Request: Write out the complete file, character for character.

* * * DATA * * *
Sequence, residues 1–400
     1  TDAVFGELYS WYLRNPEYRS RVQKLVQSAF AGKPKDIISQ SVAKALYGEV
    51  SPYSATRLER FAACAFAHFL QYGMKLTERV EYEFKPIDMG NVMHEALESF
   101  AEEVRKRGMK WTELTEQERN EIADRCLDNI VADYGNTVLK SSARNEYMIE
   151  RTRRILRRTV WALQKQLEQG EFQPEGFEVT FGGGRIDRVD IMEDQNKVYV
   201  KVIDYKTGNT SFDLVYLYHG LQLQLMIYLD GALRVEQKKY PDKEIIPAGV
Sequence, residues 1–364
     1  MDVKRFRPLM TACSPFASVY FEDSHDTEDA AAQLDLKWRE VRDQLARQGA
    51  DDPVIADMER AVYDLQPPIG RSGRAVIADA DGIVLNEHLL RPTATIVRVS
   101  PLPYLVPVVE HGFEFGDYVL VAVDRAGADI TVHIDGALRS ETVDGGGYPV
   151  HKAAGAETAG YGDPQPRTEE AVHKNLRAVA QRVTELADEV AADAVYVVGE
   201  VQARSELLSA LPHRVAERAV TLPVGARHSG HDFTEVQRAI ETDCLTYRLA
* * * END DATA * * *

Sequence, residues 1–400
     1  TDAVFGELYS WYLRNPEYRS RVQKLVQSAF AGKPKDIISQ SVAKALYGEV
    51  SPYSATRLER FAACAFAHFL QYGMKLTERV EYEFKPIDMG NVMHEALESF
   101  AEEVRKRGMK WTELTEQERN EIADRCLDNI VADYGNTVLK SSARNEYMIE
   151  RTRRILRRTV WALQKQLEQG EFQPEGFEVT FGGGRIDRVD IMEDQNKVYV
   201  KVIDYKTGNT SFDLVYLYHG LQLQLMIYLD GALRVEQKKY PDKEIIPAGV
Sequence, residues 1–364
     1  MDVKRFRPLM TACSPFASVY FEDSHDTEDA AAQLDLKWRE VRDQLARQGA
    51  DDPVIADMER AVYDLQPPIG RSGRAVIADA DGIVLNEHLL RPTATIVRVS
   101  PLPYLVPVVE HGFEFGDYVL VAVDRAGADI TVHIDGALRS ETVDGGGYPV
   151  HKAAGAETAG YGDPQPRTEE AVHKNLRAVA QRVTELADEV AADAVYVVGE
   201  VQARSELLSA LPHRVAERAV TLPVGARHSG HDFTEVQRAI ETDCLTYRLA